Ancient culture and medieval architecture
Rhodes has been inhabited since the Stone Age and retains a wealth of authenticity to inspire history buffs. In modern history the island was inhabited by Turks and Italians before being claimed by Greece after the Second World War. Excavations conducted in Rhodes have brought to light a number of important monuments from the three most significant cities on the island – Lindos, Kamiros and Ialysos.
Thousands of years ago, Lindos was the main trading port on the island and the Lindos Acropolis shows just how much wealth and activity was present in the area at that time. These archaeological remains include a temple, theatre and castle. There is a climb to reach the ruins so some people may struggle, and remember to bring your hat because it’s difficult to find shade.
The City of Rhodes overtook Lindos as the main trade and people hub thousands of years ago and remains the cultural centre of the island. The Old Town is the oldest inhabited medieval city in Europe and you can’t help but be impressed by the medieval buildings, fountains and Byzantine and Gothic churches. Lose yourself in streets with no name and travel back in time as you traverse the old medieval walls. There is plenty to explore in the nearer part of the city too, including Archbishops Palace, the Annunciation Church and the Central Post Office. Two bronze deer welcome travellers off the boats in the Mandraki Harbour – a modern icon of the city.
There are plenty of foodie delights in Rhodes. Traditional tavernas can be found in every town along with a range of international options including Italian, Indian and British. Authentic Rhodes cuisine has its roots in the ancient Dorian culture, with records of fish soup as the staple of choice. By medieval times meals were using the local produce of the land – Mediterranean vegetables and meat reared on the mountains. Olive oil, thyme and oregano are staples of many dishes.
Greeks enjoy long mealtimes and share the British tradition of a family Sunday lunch. If you want to enjoy local delicacies look out for olives, feta, gyros wraps, soutzoukakia meatballs, moussaka and meat pie, washed down with a local wine or good, old ouzo.
Nightlife in Rhodes centres around Rhodes Town, Faliraki and Lindos, but Faliraki is probably the place to be if you prefer parties. All the fun can be found on two main streets in Faliraki – Club Street and Bar Street. Try Ziggy’s for cocktails before heading to Liquid, DC Club or Yolo Club.
The picturesque village of Lindos offers a sophisticated yet lively alternative to the 18 to 30 year olds’ holiday. Lindos By Night has a roof garden bar with beautiful views towards the old city ruins, while Amphitheatre Boutique Club is an open-air club where 2000 revellers can dance through until morning. Though that’s nothing compared to the iconic Paradiso Beach Club, which morphs into a small town overnight, hosting more than 4000 people.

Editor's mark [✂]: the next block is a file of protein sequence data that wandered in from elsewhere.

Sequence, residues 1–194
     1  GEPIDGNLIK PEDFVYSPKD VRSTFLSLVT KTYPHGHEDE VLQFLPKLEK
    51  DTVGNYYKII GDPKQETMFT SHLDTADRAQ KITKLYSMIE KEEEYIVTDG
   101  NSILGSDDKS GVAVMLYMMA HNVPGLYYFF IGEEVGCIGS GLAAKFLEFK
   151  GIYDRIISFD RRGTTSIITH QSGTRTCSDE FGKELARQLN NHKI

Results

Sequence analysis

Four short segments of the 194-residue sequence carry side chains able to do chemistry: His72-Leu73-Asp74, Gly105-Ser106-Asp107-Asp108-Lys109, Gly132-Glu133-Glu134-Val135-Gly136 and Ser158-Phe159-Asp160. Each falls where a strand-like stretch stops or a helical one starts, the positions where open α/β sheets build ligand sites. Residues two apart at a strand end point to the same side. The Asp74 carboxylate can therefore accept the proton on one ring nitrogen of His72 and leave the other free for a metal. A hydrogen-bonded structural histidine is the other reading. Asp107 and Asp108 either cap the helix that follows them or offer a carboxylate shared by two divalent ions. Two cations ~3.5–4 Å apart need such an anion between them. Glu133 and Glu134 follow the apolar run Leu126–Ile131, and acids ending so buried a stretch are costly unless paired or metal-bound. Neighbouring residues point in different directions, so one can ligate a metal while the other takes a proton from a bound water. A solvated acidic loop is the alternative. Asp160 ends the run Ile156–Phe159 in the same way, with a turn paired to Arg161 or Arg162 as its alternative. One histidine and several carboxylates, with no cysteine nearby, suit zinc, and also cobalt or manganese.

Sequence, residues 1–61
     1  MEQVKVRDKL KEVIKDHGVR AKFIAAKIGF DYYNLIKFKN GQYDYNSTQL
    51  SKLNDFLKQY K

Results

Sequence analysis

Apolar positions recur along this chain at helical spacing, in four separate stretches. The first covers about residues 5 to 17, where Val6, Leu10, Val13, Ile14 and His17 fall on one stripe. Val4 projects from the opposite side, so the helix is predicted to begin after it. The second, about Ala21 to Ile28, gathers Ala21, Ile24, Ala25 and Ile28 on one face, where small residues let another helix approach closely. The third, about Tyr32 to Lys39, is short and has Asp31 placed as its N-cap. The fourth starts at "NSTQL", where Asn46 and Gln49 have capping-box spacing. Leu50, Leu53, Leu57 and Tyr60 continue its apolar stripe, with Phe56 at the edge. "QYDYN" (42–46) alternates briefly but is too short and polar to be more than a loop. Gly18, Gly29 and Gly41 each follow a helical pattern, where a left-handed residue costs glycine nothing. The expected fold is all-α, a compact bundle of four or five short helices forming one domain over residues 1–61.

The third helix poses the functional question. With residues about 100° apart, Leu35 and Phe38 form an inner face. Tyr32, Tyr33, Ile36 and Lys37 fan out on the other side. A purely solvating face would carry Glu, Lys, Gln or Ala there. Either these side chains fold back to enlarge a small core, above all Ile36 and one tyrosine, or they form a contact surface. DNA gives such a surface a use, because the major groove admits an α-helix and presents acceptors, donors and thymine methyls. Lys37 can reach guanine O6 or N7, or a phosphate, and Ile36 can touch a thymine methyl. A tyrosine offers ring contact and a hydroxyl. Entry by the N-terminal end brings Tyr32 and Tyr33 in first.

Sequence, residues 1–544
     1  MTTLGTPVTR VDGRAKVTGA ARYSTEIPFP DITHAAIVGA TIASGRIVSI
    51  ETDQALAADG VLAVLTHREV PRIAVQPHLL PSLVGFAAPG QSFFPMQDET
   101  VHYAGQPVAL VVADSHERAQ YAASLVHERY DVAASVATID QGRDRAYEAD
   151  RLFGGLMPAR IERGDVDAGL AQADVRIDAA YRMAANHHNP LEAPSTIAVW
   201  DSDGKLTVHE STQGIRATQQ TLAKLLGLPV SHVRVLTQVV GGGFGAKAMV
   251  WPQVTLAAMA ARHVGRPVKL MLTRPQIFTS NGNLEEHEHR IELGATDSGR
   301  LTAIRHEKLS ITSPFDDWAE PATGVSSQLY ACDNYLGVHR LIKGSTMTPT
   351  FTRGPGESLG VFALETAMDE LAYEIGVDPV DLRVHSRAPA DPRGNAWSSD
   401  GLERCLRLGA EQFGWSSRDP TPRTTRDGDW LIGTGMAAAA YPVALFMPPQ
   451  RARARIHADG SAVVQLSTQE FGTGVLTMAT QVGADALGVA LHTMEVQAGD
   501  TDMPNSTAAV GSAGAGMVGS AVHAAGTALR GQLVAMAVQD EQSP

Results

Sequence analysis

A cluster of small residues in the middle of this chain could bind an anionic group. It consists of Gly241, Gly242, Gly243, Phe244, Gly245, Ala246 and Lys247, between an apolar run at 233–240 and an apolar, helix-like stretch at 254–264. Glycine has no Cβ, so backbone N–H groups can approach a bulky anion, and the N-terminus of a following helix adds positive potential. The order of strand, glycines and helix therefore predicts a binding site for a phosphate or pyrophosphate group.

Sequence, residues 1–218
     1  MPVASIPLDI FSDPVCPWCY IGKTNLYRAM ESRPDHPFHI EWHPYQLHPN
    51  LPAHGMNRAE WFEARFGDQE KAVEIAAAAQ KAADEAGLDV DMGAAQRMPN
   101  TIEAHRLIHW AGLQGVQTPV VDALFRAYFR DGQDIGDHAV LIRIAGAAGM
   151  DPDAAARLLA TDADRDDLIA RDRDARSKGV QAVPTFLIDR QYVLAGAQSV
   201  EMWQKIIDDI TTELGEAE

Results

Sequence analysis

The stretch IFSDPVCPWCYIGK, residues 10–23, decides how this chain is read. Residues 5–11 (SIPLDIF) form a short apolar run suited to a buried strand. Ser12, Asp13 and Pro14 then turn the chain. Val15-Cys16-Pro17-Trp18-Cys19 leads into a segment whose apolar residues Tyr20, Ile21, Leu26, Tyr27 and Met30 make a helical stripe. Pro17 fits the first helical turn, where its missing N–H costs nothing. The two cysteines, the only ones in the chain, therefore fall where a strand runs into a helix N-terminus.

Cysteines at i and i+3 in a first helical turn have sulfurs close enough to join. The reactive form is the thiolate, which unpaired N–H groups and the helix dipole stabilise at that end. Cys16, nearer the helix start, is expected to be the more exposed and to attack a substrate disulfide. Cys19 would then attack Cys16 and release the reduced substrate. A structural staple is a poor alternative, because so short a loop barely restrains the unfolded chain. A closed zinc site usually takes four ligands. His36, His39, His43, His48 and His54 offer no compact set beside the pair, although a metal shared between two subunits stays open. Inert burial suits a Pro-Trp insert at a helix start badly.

Last but definitely not least is Rhodes Town itself, home to romantic piano bars and wild hidden nightclubs. If you’re looking for a comfy bar with proper beer, head to the Captain Hook bar – it helps if you’re also a fan of rock music. Otherwise the Cellar of Knights is a stunning Greek wine bar, tucked into the medieval architecture on Ippokratus Square. Fancy a cocktail? Try B-Sides Cocktails for a range of delicious drinks in a relaxed atmosphere.
Natural sand and pebble beaches
Rhodes’ coastline is littered with natural sand and pebble beaches, some of the most beautiful in all of Greece. You can stretch out on warm, yellow sand with the wide blue ocean ahead and pine-forested mountains behind. The island is a popular spot for watersports, with a natural breeze that heads off the high summer heat. With Blue Flag beaches you can expect clean, safe shores to relax with the whole family and enjoy a swim.
The seemingly endless Ialyssos beach, just outside of Rhodes Town, is home to several large hotel complexes and nightclubs. Despite this, the beach is only busy for a couple of months in the summer and thanks to the beach’s long length, there’s lots of room for everyone to stretch out. It has all the amenities you need and is even home to international windsurfing tournaments. On the opposite side of Rhodes Town lays Faliraki with its wide golden beach. If you can get there in the morning before the night ravers wake up, you’ll find a half-empty shore.
Saint Paul’s Bay, Ladiko and Kalithea are often listed as the best beaches in Rhodes, while Kolymbia is a pleasant seaside resort between Rhodes Town and Lindos – ideal for families looking for a quieter destination to enjoy All Inclusive holidays to Rhodes from. The pebble beach at Ixia and southern beach of Prassonissi are both popular with windsurfers and kite surfers.